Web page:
The PM’s habit of dodging questions comes back to haunt him

The PM’s habit of dodging questions comes back to haunt him

David Cameron used to give straight answers to straight questions, and it served him well. But in recent years, as Prime Minister, he’s developed a habit of dodging them, typically by answering the question he wished had been asked instead.

All this came back to haunt him last week with the Panama Papers row. On a visit to Birmingham, he was asked by Sky News: “Can you clarify for the record that you and your family have not derived any benefit in the past and will not in the future from the offshore Blairmore holdings fund mentioned in the Panama papers?”

Instead of answering this pertinent, if sensitive, question, Cameron gave an answer to a question that he would have preferred to have been asked instead: “What investments do you have?”.

In other words, Cameron dodged. And each time a politician does that he makes it that little bit harder for the public to trust him. In the worst case, he appears insincere, arrogant, untrustworthy and slippery.

No wonder Cameron’s poll ratings immediately slipped.

There are two strategies a politician, or anyone else, can legitimately employ when asked a question by a journalist:

  1. Answer it honestly and openly. (This should be the default strategy.)
  2. Address it (by telling the journalist honestly and openly why you can’t or won’t answer it). Cameron could, for example, have followed the initial Downing Street line and said that the details of his tax affairs were his own business, but that he could assure everyone that he pays all tax he owes, or words to that effect.

But instead of following either of these strategies, Cameron left the impression in the public imagination that there is something very underhand going on. Some might even get the impression that he’s some kind of tax cheat.

The truth is that he has done absolutely nothing wrong regarding his tax affairs. Nothing unethical, nothing illegal and no sharp practice. But because, as a politician, and perhaps egged on by his advisors, his knee-jerk reaction was to dodge the question, he comes out the loser.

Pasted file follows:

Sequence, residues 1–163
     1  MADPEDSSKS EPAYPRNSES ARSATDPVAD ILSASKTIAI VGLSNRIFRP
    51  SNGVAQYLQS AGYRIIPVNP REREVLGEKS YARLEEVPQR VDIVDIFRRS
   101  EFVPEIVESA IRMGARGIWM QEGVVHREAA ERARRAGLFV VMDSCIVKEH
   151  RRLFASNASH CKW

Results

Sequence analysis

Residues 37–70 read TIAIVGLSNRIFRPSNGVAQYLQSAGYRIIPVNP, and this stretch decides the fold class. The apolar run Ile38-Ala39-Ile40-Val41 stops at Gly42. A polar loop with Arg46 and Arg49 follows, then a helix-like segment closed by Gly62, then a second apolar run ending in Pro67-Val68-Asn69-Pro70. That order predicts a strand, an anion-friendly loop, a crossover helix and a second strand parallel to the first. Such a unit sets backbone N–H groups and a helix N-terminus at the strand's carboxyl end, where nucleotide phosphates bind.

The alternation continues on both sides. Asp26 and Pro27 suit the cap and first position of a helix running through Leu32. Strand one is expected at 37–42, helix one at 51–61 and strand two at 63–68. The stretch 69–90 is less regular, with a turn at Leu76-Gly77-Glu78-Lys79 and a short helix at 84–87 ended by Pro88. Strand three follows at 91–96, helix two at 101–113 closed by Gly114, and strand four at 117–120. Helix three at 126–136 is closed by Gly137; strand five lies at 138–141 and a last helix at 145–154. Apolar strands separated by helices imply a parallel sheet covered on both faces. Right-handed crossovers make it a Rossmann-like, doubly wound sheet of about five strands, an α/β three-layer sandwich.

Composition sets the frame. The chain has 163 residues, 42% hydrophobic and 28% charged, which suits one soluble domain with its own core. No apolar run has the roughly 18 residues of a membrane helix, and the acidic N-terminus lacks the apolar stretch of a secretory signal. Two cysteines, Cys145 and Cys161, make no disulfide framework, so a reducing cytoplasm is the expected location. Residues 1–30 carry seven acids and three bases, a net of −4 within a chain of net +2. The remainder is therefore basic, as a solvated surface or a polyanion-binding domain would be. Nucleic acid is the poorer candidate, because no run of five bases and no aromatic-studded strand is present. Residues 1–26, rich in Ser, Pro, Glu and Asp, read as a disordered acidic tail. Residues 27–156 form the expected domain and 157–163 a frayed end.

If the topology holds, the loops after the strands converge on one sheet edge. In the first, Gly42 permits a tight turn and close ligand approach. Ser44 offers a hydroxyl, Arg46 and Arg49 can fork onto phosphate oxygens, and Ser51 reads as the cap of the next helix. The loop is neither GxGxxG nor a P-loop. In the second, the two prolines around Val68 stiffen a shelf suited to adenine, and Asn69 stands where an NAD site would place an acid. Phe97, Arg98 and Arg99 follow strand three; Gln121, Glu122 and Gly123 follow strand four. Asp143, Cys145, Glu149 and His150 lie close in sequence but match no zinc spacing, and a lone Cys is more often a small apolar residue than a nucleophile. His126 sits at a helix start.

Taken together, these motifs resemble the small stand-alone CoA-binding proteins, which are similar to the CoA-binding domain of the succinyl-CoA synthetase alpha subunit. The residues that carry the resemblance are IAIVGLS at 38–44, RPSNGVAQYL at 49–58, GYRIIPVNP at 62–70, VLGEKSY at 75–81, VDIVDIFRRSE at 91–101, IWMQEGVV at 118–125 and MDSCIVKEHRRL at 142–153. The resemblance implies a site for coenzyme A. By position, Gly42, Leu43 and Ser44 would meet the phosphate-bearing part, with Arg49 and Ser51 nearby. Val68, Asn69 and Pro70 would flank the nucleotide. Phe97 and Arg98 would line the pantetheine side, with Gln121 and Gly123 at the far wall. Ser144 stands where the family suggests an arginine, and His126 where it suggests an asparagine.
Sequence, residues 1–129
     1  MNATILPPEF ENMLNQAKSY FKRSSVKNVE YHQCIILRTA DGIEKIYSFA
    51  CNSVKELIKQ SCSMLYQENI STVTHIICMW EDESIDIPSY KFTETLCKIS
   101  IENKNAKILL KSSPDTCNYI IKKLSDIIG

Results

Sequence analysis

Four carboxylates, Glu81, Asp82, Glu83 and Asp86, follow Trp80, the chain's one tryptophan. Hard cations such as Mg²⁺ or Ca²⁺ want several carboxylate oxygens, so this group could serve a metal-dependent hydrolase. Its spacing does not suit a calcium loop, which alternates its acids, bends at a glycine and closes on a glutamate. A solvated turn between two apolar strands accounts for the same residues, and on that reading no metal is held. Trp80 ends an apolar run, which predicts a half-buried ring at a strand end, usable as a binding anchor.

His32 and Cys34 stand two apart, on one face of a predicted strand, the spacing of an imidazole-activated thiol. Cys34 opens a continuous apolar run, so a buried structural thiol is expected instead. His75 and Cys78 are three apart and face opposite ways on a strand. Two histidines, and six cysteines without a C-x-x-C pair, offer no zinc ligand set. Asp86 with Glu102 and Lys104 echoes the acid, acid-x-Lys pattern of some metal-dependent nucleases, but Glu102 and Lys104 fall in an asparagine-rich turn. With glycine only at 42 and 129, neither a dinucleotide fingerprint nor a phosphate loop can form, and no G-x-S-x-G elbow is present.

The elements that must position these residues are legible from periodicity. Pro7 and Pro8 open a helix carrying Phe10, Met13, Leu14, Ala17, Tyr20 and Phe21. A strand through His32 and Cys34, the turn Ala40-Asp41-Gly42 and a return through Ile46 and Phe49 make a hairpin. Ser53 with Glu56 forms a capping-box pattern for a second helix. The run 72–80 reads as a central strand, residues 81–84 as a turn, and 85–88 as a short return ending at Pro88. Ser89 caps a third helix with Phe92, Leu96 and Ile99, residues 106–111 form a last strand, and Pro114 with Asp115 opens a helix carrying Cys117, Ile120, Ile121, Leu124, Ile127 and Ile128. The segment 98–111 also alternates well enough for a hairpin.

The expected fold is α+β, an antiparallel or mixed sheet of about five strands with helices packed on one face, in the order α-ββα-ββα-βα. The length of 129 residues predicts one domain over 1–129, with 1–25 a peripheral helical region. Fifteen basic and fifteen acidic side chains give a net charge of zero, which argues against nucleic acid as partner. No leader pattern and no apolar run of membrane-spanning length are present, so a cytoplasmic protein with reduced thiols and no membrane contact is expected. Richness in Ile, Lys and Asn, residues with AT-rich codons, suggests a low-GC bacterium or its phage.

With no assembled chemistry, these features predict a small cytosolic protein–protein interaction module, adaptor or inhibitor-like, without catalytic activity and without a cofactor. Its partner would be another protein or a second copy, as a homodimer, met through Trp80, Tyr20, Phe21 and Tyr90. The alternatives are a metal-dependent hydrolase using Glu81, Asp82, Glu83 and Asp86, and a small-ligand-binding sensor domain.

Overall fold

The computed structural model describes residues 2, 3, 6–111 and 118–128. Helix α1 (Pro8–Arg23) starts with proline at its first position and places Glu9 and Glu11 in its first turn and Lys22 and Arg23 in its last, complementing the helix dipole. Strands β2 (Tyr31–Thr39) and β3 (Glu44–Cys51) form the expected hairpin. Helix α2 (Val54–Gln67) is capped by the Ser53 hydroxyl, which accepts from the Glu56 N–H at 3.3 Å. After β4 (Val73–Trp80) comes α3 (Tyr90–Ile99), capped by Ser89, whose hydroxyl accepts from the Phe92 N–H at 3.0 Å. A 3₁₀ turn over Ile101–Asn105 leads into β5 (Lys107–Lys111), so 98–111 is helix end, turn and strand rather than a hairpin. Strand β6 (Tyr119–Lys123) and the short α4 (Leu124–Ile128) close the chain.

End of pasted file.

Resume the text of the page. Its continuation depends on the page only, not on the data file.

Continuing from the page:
An own goal if ever I saw one.

If a politician, whether Prime Minister or local councillor, is ever tempted to dodge a question, he should ask himself this: is he absolutely sure that portraying himself to be untrustworthy and slippery (the inevitable consequence of dodging) is less damaging to his reputation than simply answering the question openly and honestly?

Nine times out of ten, possibly ninety-nine times out of a hundred, politicians will be better served by just answering the question and then dealing with the consequences.

………………

Follow me on Twitter

To find out how I can help your business please contact me

Article date

April 14th, 2016

Robert Taylor

Media Trainer

@RT_MediaTrainer

My main passion is media training, and I’m proud to be one of the UK’s most experienced and successful trainers in this field.

Comments

  • “The truth is that he has done absolutely nothing wrong regarding his tax affairs. Nothing unethical, nothing illegal and no sharp practice.”

    I entirely agree with this statement however Cameron himself tried to paint these practices as sharp, and indeed immoral, therefore leading him to look to look slippery and untrustworthy whether he dodged the question or not.

Please Post Your Comments

Your email address will not be published. Required fields are marked *

five × 5 =

Could Jacob Rees-Mogg become Prime Minister? Incredibly, it’s possible.

Could Jacob Rees-Mogg become Prime Minister? Incredibly, it’s possible.

According to some of the bookies, Jacob Rees-Mogg is now the…

“Strong and stable”. Does endless message repetition actually work?

“Strong and stable”. Does endless message repetition actually work?

Endless repetition makes journalists groan and moan – but it really does work